Denim, a fabric that has made fashion history, is reinterpreted by the creativity of Harry Nuriev – one of the most brilliant and provocative designers of the new international generation – in furnishings on the borderline between art and design.
“When I started my practice ten years ago, my question was what can I bring to interior design?” Nuriev says. “Interior design is a symbiosis of three major creative practices: design, architecture, and art. The big one missing from this equation is fashion, which I find very surprising. Fashion is a unique means of expression and I think that furniture is an extension of our wardrobe, our style and more broadly our identity. Fashion is everywhere, it surrounds us. It’s a medium that lasts over time, so let’s infuse it into design.”
Keeping faith with a design vision connected with the concept of transformation and the idea of transferring a new aesthetic dimension into everyday objects and furnishings, the artist-designer – who lives in New York and Paris – presents his first solo show in Paris’s Carpenters Workshop Gallery (54 Rue de la Verrerie, until 13/05).
The designer comments on the exhibition as follows: “It is a crucial step in my career. To be supported by a gallery like this one is a unique opportunity. I enjoy working with them and it enriches me, because although they are always involved in the creative process, they leave me great freedom of expression.”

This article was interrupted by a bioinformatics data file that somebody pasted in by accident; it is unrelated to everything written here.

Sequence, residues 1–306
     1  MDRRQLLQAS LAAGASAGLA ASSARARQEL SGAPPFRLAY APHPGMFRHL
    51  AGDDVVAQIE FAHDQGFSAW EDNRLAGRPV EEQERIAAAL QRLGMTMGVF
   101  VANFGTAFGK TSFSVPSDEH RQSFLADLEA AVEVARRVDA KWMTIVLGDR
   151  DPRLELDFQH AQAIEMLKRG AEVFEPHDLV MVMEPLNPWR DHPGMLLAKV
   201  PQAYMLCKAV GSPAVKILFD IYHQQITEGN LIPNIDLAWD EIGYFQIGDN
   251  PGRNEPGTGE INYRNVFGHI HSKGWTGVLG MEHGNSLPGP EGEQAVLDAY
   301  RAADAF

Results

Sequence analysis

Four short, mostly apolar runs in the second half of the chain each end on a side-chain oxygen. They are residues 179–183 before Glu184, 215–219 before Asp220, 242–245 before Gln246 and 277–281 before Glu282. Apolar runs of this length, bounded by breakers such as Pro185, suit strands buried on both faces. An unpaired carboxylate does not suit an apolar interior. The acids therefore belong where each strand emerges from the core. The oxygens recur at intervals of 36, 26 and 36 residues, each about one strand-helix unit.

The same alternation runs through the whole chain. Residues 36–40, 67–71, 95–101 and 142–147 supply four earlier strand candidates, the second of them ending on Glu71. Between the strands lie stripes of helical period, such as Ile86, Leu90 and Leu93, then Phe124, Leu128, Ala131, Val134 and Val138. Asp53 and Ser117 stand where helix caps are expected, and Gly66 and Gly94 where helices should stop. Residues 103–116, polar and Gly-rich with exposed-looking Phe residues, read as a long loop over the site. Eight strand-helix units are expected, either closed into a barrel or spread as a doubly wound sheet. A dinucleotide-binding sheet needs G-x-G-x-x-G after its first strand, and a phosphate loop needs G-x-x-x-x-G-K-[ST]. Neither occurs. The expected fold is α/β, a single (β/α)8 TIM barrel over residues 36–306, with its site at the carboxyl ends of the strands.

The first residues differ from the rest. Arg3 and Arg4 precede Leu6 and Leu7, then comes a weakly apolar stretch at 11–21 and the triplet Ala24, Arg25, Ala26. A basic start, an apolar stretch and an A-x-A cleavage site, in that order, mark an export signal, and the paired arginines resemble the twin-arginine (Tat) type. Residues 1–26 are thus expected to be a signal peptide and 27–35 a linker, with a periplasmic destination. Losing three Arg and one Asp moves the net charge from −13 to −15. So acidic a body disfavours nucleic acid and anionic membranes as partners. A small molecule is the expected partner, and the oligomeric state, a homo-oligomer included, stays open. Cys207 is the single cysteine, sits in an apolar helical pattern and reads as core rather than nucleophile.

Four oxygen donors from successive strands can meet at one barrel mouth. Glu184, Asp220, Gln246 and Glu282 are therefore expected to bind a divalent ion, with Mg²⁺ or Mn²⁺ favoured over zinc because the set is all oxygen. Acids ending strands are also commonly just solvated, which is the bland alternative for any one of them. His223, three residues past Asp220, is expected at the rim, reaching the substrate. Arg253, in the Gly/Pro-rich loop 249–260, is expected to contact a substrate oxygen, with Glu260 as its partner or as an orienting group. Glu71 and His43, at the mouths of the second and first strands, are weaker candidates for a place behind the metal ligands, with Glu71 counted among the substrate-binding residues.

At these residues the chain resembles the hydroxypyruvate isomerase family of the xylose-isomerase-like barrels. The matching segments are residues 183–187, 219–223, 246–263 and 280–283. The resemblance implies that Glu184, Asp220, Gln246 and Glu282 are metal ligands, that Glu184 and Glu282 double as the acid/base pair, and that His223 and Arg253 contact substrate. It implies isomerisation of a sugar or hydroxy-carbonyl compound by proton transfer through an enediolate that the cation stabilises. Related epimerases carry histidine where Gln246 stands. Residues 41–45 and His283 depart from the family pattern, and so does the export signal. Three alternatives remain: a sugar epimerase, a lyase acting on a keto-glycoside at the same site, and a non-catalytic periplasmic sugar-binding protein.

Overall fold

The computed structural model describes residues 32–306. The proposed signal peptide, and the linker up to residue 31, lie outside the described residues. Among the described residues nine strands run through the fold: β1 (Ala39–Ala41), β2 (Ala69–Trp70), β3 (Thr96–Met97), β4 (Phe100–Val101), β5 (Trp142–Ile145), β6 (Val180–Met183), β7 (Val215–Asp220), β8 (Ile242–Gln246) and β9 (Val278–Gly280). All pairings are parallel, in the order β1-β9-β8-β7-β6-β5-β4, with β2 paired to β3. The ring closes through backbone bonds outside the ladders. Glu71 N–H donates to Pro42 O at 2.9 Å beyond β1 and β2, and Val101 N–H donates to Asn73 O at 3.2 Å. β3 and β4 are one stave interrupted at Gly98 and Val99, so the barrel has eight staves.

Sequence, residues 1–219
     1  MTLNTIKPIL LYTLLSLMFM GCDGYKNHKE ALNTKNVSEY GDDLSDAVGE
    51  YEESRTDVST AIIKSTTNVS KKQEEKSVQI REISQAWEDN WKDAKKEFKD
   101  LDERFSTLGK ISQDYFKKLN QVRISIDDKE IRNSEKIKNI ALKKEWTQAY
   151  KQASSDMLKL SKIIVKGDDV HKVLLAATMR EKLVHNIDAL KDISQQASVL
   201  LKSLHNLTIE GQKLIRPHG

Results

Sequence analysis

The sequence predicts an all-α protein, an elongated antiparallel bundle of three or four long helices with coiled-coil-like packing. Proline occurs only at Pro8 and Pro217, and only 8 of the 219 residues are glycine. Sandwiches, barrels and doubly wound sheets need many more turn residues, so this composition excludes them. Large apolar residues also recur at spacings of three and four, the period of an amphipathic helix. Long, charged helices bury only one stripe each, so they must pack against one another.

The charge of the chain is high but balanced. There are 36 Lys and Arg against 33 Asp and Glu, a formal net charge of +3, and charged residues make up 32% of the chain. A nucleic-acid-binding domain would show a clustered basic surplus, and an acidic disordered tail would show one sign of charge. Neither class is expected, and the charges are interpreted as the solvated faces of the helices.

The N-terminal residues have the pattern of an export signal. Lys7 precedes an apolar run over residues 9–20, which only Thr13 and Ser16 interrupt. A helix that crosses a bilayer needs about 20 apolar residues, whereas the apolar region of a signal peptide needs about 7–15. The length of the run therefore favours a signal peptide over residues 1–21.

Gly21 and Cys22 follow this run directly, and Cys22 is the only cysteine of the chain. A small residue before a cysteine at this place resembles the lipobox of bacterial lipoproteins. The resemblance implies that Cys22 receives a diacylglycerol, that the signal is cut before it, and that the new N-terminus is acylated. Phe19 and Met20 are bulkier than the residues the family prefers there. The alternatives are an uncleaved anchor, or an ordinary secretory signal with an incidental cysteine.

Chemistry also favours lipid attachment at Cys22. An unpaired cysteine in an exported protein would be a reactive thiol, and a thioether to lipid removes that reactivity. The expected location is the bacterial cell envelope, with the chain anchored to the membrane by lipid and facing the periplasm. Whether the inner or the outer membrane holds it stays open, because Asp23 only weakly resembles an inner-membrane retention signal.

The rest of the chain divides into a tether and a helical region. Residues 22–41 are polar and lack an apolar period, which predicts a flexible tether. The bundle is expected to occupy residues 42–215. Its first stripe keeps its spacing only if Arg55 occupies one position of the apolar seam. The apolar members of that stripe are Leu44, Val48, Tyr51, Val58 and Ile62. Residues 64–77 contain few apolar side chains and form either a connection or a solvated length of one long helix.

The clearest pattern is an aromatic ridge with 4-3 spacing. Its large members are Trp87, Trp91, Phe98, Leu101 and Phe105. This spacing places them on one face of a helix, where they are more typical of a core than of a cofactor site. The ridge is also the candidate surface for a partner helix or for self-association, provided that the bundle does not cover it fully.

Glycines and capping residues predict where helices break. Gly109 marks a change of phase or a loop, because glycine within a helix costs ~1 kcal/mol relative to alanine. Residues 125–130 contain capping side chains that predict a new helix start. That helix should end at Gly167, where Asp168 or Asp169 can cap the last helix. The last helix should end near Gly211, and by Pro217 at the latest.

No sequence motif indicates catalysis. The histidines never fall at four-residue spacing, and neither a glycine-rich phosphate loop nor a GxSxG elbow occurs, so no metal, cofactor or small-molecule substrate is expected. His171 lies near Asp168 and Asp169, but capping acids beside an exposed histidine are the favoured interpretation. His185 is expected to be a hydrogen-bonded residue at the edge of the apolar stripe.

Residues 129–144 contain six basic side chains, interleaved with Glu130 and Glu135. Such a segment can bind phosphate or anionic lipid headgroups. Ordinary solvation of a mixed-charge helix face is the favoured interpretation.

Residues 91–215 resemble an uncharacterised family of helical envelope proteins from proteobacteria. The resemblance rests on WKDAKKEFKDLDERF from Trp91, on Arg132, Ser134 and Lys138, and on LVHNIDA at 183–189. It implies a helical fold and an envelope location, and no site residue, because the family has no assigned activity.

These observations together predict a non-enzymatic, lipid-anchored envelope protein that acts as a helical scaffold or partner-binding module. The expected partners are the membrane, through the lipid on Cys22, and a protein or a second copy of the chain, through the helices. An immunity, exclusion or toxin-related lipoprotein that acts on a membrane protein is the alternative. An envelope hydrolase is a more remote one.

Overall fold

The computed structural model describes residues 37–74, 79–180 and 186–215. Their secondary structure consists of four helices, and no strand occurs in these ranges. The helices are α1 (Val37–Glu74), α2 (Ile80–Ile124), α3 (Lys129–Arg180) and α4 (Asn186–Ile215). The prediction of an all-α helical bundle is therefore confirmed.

With the title Denim, the show presents a hybrid collection conceived as a sum of interchangeable modules with which to create tables, sofas, consoles, mirrors… “In the same way that you layer your jeans, T-shirts and jackets in the order you want, I want my furniture to adapt and shape itself according to the user’s wishes,” Nuriev explains.”
Denim is thus composed of separable elements capable of adapting to new contemporary lifestyles, including the more frequent use of domestic space. The idea of putting man at the center of the project, creating a system of furnishings based on the necessities of people, becomes the fulcrum of the collection. One example is Sofa Pool, invented as a multifunctional space that combines various moments of the day: working, eating and resting.
“I have designed the pieces in this collection as assemblies of elements that can be separated,” Nuriev says. “A sofa can be an armchair but also an ottoman. Each element has its own identity, and the assembly can form a single piece. I think my favorite is probably the DJ booth because it brings people together, not just in a party context but also as a dynamic gathering place.”
Photo © Benjamin Baccarani courtesy of Carpenters Workshop Gallery